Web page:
"Listen here, miss, you-" Pyrrhus froze. Strapped to her back, her steel shield didn't suit the rest of her gear. It was much larger, designed for a man in full plate. It had clearly been well-used, repaired multiple times, but one hammered-out dent looked unmistakably familiar.

"That... that is my shield," Pyrrhus muttered blankly. The mark was one his shield had sustained several months ago, when he and Kellam had held that bridge against Yen'fay's halberds.

"Ugh, let me go!" Severa shouted, trying to twist herself free from his hand. "You cretin! It's rude to hold a woman's arm like that!"

"Not so fast, young lady," Cordelia began. "You're not my cousin Severa, are you?"

Severa gave an annoyed sigh. "Took you long enough, Mother."

Pyrrhus yanked her down off the horse and into his arms. "Severa! My daughter!"

Her hands momentarily hugged him back before she began struggling furiously. "Yes, I'm your daughter, you ungrateful wretch. I was trying to help you out, and you just ignored all my advice!" She paused for a moment. "Gawds, stop crying! You'll rust my armor!"

Pyrrhus sniffed, not realizing that he'd been crying. Cordelia maneuvered around the now-slightly-agitated horse and wrapped herself around Severa from the other side. "Oh, honey, it's so wonderful to finally meet you!" she cried out.

Hugging his daughter for the very first time, Pyrrhus felt something hard in his hand. It was the ring! Carefully, afraid to let go of Severa lest she bolt like a frightened doe, he shifted his hand and carefully put the engagement ring on Cordelia's finger.

"I love you, Cordelia," Pyrrhus said again.

"I love you too, Pyrrhus," Cordelia replied, elated.

Severa didn't seem to share the love. In fact, she really only had one thing to say on the subject. "Ugh, gag me with a spoon."


A/N: Hey, that didn't take nearly so long as the last one!

I had most of this planned out already by the time I started, as opposed to the last chapter which took me a long time to plot. We get some major payoffs in this chapter, including a few bits that have lain idle for many chapters. That was always going to be the use of Naga's Tear, for example.

We finally get the Severa reveal in this chapter, and I hope it was worth the wait. When I was figuring out how to introduce Severa, I knew I didn't want to do things the way the paralogue did. I thought about the character herself, and I'd already worked out that most of the children were going to be actively searching for the Shepherds. Severa's got the combined brains of both Pyrrhus and Cordelia, so she'd figure out a way to hide in plain sight and maintain a luxurious lifestyle in the meantime. As to why she was trying to stop the proposal, well... I'm not sure if it's clear just yet, but it will be better explained later regardless. As for Morgan, she's a different story. Her introduction will be a little more... abrupt.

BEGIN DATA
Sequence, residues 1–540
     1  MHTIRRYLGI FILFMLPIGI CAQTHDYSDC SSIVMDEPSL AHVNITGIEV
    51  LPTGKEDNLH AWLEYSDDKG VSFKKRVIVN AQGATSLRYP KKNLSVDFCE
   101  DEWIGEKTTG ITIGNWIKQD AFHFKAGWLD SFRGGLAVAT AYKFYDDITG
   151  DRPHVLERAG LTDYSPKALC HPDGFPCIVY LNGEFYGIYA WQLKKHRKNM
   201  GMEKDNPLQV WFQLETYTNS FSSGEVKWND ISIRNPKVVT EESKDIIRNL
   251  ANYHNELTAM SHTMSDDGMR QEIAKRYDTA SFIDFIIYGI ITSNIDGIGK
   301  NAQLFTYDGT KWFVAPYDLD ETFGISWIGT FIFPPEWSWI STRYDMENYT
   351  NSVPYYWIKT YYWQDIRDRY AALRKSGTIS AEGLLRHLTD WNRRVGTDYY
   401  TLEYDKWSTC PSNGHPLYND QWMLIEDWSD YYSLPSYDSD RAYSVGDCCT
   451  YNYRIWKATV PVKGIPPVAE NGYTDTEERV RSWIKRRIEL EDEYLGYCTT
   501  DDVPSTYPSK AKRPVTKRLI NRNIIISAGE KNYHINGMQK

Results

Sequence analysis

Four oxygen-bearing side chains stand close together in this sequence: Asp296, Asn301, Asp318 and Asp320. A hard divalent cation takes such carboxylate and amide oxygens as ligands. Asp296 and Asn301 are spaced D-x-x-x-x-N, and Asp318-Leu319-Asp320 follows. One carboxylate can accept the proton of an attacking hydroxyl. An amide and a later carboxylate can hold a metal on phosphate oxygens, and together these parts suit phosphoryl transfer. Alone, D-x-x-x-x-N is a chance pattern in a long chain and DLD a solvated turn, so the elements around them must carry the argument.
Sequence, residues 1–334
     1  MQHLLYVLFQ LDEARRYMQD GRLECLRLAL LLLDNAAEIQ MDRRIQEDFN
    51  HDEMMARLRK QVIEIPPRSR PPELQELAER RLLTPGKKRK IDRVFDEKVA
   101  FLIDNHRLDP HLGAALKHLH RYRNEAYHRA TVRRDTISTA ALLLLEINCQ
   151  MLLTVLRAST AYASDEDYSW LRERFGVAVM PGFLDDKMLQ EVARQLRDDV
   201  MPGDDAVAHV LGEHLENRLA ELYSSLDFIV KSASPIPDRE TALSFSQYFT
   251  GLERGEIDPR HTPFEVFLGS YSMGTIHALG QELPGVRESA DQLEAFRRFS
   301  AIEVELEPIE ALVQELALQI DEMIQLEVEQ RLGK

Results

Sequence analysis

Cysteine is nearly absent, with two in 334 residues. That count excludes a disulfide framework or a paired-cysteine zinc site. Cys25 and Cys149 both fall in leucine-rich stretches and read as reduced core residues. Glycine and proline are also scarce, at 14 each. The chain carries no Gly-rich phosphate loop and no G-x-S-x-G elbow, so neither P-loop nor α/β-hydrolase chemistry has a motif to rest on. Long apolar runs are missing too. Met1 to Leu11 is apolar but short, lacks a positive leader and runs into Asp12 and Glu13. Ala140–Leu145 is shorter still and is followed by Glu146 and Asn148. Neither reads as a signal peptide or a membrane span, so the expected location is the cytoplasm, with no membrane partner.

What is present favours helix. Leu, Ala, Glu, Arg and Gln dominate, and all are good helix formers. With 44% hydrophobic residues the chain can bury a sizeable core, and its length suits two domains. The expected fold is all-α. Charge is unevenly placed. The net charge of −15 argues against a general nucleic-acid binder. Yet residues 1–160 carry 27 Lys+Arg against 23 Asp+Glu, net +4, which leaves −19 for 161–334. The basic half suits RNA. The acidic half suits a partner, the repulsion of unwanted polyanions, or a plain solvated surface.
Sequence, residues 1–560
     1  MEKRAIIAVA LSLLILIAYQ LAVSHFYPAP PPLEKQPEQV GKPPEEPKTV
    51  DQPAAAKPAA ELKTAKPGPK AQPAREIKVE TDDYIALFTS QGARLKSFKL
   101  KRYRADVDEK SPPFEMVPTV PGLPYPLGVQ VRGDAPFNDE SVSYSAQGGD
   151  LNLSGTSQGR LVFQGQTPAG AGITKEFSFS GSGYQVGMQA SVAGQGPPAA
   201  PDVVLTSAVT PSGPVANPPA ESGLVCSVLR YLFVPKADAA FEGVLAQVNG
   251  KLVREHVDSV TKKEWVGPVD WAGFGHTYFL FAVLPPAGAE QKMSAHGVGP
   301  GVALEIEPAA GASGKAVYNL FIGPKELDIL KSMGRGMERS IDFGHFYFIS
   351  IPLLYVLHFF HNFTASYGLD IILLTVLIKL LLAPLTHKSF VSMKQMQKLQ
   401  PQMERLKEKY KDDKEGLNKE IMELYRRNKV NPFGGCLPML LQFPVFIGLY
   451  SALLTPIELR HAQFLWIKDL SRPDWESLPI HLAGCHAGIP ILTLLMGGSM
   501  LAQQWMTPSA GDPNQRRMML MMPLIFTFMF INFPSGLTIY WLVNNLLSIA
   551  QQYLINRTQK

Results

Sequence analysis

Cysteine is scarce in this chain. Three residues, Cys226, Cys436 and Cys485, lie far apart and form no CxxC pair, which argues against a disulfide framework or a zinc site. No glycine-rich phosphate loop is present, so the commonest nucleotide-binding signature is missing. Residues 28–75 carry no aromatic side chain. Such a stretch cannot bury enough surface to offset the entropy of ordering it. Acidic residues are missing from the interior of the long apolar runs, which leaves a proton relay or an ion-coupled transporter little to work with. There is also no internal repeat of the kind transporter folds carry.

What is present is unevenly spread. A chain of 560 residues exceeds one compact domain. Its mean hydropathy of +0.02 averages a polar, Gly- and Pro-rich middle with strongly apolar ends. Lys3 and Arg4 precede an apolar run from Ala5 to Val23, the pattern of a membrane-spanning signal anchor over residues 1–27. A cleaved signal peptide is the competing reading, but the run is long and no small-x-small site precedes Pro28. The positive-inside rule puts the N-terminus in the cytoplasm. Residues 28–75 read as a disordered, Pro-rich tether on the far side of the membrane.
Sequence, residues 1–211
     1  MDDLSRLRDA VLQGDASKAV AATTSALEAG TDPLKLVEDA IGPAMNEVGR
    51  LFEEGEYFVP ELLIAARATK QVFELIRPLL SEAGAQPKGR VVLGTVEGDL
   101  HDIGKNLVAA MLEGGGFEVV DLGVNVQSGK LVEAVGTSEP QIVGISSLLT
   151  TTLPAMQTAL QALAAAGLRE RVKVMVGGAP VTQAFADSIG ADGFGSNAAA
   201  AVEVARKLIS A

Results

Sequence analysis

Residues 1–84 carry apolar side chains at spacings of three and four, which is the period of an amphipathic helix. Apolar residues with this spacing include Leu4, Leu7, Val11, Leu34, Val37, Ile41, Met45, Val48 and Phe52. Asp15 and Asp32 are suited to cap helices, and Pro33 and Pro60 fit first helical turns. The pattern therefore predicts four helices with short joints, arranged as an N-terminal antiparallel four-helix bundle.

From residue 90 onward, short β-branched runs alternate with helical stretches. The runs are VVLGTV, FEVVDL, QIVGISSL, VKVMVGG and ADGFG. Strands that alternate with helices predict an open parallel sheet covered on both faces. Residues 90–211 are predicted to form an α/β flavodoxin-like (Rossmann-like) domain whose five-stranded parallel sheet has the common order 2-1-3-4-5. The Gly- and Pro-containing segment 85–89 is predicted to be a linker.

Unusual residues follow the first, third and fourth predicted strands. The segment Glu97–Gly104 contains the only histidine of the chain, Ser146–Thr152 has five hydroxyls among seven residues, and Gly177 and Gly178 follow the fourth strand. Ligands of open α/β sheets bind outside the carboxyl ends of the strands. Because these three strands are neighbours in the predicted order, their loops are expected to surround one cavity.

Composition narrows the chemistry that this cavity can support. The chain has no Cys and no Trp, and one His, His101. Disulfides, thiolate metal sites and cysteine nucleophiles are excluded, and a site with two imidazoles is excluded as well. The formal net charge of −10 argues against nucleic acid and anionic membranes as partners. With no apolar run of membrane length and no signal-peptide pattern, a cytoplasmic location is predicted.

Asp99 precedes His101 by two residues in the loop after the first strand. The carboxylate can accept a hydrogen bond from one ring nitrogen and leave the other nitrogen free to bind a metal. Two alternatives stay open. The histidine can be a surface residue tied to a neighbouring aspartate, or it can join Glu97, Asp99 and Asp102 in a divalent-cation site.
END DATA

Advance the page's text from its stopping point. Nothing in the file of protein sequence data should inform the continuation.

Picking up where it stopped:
This is a minor bit, but some of you might be wondering how Tharja can be so adept at stalking the Avatar and so poor at stalking Gaius here. I contend that Gaius is considerably more sneaky than most versions of the Avatar, and furthermore the Avatar was never really trying to evade Tharja. Pyrrhus in particular, being the awful subtlety bomb that he is, stands out so much that he couldn't avoid Tharja if his life depended on it.

As the title suggests, this is a substory, and it's two chapters long. It's all still "canon" with the Potentia Amoris story, I just like this chapter and the next as a sort of self-contained story all its own, even if some bits and pieces wouldn't make any sense if it were read separately. But also, the next chapter departs significantly from my traditional storytelling style, and this one serves both to set up that chapter, and to anchor it.

But I'm getting ahead of myself! I normally give you a hint of what's coming next chapter, but instead I'm just going to tell you the subtitle.

Tune in next time for Act Two: The Aftermath!